Remarks to the 2015 Institute for Inclusive Security Forum

Remarks
John Allen
Special Presidential Envoy for the Global Coalition To Counter ISIL 
Newseum
Washington, DC
October 15, 2015


(As Prepared for Delivery)

Good Afternoon! I join you at a time when the peace and security of men and women around the world have never been in greater peril.

Last year President Obama called on the international community at the UN General Assembly to recognize the world was “at a crossroads,” … a period where the old order is passing and a new order is coming into being.

And again just two weeks ago, President Obama convened Heads of State from more than 100 nations to tackle violent extremism and specifically the abomination of ISIL, which I will refer to hereafter by its Arabic acronym Da’esh.

The leadership of women and their full inclusion is core to that new order. And in the work I have been honored to perform over the past year as the President’s Special Envoy to Counter Da’esh, I have personally emphasized to Prime Ministers, Generals, and ambassadors in the over 30 capitals to which I’ve traveled, one simple message: no nation can emerge from conflict into development and beyond without embracing and harnessing the stabilizing, the creative, and the intellectual forces of 50 percent of its the population … the women.

I made that point repeatedly with Hamid Karzai over the 18 months I commanded our forces in Afghanistan … that sustaining and increasing women’s rights were and remain at the center of preventing the Taliban from re-imposing a radical form of Islam after the drawdown of ISAF forces.

And I continue to make this point now in Coalition capitals around the world in our fight against Da’esh. And during this past year we have joined with 65 nations and international organizations, welcoming Nigeria, Tunisia and Malaysia just last month … three key countries as Da’esh seeks to expand its global influence and footprint.

I am continually impressed by the diverse group of partners who have taken up this campaign and by the willingness of so many to step up and assume leading roles. We have sent a clear message to Da’esh and to the world:

We refuse to stand idly by its atrocities. We reject its toxic, false ideology. And we abhor its vicious and continued assault on the dignity of men and women, boys and girls alike.

Role of Women and Girls

While the Coalition’s military actions often receive the most attention, it is the aggregate effect of the Coalition’s activities across multiple lines of effort that will … in the end … determine the Coalition’s success. And a central part of that success across our whole strategy to defeat Da’esh is harnessing the power and ensuring the security of women and girls.

Women have unparalleled influence in their communities … over youth, in particular … and are part of our first line of defense for countering radicalization. Through social media, Da’esh is reaching young men and women in their homes. We need mothers, aunts, sisters and daughters to counter those messages in the home as well.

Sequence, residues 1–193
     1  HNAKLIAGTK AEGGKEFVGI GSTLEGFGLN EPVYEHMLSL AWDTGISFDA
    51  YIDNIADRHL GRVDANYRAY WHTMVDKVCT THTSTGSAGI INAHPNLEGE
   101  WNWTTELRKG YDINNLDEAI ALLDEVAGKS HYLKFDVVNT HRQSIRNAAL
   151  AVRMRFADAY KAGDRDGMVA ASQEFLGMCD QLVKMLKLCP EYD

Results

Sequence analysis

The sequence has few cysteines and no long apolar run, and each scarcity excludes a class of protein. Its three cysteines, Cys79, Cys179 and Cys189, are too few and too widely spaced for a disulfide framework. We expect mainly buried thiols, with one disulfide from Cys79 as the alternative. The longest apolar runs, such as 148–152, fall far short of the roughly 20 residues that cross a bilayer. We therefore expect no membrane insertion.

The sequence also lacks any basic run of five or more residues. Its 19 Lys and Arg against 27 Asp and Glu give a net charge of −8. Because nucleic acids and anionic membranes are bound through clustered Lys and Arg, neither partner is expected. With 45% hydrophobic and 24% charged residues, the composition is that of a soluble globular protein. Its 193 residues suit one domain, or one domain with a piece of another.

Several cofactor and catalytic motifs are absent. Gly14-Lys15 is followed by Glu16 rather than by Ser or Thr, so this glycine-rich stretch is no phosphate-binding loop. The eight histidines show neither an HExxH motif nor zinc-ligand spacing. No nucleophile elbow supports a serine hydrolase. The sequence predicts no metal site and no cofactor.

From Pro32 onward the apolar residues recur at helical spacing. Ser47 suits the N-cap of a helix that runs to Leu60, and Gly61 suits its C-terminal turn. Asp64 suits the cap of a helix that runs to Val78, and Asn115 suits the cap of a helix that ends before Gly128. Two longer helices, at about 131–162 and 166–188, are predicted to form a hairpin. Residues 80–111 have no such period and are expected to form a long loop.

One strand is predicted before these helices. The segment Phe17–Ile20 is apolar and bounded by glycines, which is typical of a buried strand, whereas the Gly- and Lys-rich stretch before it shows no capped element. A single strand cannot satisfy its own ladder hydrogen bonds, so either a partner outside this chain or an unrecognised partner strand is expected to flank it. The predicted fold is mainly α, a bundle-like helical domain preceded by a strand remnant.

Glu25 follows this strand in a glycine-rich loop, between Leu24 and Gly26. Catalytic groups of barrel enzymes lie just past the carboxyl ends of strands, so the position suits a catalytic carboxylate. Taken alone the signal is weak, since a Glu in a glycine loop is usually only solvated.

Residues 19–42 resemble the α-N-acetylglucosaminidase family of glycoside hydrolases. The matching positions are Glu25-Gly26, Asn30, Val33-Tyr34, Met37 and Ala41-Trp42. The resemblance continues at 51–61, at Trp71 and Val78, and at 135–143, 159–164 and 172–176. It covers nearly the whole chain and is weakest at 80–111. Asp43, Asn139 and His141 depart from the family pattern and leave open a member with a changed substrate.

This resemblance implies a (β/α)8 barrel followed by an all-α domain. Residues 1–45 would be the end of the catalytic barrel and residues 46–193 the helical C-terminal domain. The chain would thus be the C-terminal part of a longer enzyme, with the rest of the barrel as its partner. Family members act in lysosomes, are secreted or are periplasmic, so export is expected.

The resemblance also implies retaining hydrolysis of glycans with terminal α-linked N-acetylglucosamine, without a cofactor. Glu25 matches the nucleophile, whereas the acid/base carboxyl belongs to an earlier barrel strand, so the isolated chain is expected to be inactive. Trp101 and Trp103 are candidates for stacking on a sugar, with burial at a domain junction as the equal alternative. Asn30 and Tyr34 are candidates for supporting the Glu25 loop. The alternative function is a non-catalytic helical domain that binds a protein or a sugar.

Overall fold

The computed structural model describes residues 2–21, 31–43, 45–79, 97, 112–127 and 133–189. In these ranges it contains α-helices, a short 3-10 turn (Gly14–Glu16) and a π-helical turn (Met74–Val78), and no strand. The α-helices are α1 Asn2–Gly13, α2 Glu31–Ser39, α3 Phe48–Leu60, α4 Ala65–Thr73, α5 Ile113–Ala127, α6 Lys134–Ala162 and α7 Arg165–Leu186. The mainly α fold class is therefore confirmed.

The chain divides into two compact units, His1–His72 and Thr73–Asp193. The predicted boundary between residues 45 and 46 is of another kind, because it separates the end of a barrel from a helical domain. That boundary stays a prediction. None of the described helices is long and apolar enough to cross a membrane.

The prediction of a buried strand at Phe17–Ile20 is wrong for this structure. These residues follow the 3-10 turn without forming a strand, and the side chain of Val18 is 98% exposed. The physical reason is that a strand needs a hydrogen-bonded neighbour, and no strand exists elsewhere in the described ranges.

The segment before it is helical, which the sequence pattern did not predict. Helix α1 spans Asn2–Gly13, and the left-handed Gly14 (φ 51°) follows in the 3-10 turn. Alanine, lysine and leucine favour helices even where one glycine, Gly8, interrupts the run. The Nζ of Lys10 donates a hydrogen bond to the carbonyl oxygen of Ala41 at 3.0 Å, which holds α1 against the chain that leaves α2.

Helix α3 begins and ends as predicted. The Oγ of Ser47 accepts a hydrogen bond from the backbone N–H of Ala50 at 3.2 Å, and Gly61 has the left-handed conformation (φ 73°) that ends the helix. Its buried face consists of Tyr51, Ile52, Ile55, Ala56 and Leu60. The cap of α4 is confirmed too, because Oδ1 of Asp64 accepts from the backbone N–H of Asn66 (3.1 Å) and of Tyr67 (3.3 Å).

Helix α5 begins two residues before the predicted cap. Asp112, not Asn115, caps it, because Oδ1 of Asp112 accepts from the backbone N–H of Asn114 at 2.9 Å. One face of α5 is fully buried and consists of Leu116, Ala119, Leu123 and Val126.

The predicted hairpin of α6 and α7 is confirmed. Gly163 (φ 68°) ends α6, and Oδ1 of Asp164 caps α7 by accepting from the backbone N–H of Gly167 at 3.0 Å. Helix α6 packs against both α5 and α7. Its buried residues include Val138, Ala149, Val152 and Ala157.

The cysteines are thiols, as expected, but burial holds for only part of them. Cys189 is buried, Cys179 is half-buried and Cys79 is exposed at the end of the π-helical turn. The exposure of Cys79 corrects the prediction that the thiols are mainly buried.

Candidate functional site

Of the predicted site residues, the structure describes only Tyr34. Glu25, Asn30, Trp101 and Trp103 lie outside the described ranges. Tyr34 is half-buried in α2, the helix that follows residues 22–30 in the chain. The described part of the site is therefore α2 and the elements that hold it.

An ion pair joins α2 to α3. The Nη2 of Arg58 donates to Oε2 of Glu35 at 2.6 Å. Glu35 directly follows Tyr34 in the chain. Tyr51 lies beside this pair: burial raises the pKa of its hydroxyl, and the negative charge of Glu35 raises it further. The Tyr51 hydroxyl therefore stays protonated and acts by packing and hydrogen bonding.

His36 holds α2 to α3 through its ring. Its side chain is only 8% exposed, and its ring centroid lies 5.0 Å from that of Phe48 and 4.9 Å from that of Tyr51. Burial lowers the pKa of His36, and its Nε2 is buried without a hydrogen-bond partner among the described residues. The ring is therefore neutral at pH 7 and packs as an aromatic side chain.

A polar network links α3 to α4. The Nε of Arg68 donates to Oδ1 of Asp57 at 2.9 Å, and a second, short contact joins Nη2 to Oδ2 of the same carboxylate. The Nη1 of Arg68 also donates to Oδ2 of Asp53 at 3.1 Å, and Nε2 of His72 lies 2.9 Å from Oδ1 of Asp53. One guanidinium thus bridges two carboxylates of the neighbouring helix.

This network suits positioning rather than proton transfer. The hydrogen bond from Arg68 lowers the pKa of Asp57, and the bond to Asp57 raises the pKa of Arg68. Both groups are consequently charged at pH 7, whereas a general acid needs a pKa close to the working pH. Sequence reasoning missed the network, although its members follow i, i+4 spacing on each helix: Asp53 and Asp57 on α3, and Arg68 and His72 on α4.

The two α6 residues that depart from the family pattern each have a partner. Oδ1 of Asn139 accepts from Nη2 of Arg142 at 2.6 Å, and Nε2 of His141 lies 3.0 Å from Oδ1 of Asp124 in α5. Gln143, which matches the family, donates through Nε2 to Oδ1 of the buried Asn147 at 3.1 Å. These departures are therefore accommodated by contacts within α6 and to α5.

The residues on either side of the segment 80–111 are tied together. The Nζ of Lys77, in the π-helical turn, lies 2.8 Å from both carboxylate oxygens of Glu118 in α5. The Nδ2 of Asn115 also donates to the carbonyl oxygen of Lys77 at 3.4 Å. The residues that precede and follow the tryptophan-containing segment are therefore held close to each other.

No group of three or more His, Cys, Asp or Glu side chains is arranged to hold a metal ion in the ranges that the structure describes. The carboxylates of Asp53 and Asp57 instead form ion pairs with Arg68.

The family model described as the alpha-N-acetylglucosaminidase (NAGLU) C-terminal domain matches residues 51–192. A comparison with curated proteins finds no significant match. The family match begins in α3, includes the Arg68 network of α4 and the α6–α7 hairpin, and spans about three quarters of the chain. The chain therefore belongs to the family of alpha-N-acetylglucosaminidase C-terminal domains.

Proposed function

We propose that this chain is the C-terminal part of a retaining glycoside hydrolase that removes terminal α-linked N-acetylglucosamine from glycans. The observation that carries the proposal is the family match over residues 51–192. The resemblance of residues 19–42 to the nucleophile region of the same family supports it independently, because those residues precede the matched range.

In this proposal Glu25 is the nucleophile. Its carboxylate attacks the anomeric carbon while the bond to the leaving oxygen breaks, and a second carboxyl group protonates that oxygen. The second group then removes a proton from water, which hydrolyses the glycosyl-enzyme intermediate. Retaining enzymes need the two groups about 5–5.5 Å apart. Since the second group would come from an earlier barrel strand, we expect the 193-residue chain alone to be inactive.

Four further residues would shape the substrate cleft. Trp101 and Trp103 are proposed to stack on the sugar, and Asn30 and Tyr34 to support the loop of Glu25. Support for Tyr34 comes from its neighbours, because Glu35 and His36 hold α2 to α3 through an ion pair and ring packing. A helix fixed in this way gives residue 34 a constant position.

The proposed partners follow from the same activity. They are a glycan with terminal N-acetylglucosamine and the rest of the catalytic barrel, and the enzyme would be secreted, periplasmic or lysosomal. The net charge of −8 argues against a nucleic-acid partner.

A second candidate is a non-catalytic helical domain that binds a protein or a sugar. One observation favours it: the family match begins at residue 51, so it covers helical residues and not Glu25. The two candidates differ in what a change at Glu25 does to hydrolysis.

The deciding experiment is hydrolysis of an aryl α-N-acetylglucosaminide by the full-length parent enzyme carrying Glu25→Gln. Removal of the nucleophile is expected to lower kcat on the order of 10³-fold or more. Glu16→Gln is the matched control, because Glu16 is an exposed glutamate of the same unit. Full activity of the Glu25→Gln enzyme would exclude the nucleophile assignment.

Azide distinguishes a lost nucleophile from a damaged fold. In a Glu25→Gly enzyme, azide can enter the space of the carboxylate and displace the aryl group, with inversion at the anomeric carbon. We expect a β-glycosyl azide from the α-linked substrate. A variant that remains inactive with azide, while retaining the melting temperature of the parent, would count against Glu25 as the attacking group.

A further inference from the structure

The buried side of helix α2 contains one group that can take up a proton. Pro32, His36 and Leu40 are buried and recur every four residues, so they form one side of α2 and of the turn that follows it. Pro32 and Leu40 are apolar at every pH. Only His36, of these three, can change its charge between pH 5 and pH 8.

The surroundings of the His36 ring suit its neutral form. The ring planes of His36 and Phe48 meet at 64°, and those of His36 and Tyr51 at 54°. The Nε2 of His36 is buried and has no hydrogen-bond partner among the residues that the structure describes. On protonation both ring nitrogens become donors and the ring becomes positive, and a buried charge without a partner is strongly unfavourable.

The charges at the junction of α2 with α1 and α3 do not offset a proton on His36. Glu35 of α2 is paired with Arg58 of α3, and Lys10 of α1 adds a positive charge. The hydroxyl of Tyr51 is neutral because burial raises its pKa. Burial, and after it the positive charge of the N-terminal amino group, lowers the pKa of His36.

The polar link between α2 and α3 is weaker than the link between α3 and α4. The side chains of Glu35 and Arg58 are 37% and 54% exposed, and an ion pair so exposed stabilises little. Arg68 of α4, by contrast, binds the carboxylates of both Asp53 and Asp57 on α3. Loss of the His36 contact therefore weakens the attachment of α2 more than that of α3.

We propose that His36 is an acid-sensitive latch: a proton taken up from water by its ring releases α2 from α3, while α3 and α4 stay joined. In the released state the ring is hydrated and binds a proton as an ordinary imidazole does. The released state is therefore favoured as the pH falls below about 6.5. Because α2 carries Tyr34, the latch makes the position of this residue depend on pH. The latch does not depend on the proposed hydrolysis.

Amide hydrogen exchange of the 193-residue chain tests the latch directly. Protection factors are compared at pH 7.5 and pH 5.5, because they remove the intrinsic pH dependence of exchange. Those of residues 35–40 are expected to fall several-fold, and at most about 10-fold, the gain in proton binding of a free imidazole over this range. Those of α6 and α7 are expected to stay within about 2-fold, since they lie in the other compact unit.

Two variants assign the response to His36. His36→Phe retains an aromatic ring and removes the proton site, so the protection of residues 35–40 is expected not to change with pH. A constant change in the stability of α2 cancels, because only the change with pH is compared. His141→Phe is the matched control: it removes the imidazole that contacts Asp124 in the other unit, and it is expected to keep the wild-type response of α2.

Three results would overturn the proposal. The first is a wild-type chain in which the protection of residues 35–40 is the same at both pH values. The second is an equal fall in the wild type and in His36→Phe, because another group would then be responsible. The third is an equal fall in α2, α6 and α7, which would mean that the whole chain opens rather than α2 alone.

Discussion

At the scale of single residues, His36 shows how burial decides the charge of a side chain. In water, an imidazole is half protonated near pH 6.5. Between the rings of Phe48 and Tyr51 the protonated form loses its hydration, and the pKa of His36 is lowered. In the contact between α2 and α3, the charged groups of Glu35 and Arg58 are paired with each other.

The Coalition is cutting off Da’esh’s financial network. And there are women in virtually every link of this chain. One of the most appalling ways that Da’esh generates income is human trafficking. And they’ve set up a slave trade: buying and selling women and girls like commodities. It’s morally appalling and financially enabling.

Women are crucial in our efforts to combat foreign terrorist fighters. And in this, women will only become more integral as we reach, rehabilitate, and reintegrate the thousands of young men and women who will need our help returning to their homes, many in Coalition capitals … as productive members of society.

Mothers can help get their children home. Mothers can determine if they’re genuinely accepted back into their families. They can encourage their rehabilitation. And, as they do in every part of the world, women will primarily be the ones providing the health and social services that will make all the difference.

Female police and soldiers expand our search and seizure capabilities, improve our understanding of the threat environment, and are essential first responders when disaster does strike.

The bottom line is that to confront this challenge, there will be no one-size-fits-all solution. While we need a global strategy, any successful approach will have to respond to uniquely local social conditions and realities. That means we need women’s voices shaping our approach and working side by side to implement it.

Da’esh has victimized and brutalized women in horrific ways. But if we see women only as victims, we’re overlooking a core resource – the essential partner – in this fight.

When you speak with women directly (and I did regularly as the US and NATO commander in Afghanistan and continue to in my role as envoy), you understand immediately that their perspectives are essential to the success of any mission. You also see how hard they’re fighting to have their voices be heard. I’ve sat across the table from countless Afghan and Iraqi women who would take great offense at the idea that their leadership must come from somewhere outside themselves and their own love for their country.

Extremist groups like the Taliban and Da’esh want us to think that women don’t belong in conversations about peace and security. That’s because repressing women is one of the key ways they seize and hold-on to power.

I’d like to commend the work of the Institute for Inclusive Security and Ambassadors Cathy Russell and Swanee Hunt, and all those gathered this afternoon, for fighting that fight and for working tirelessly in this most pressing and vital endeavor of our time.

You have my eternal thanks for all that you are doing.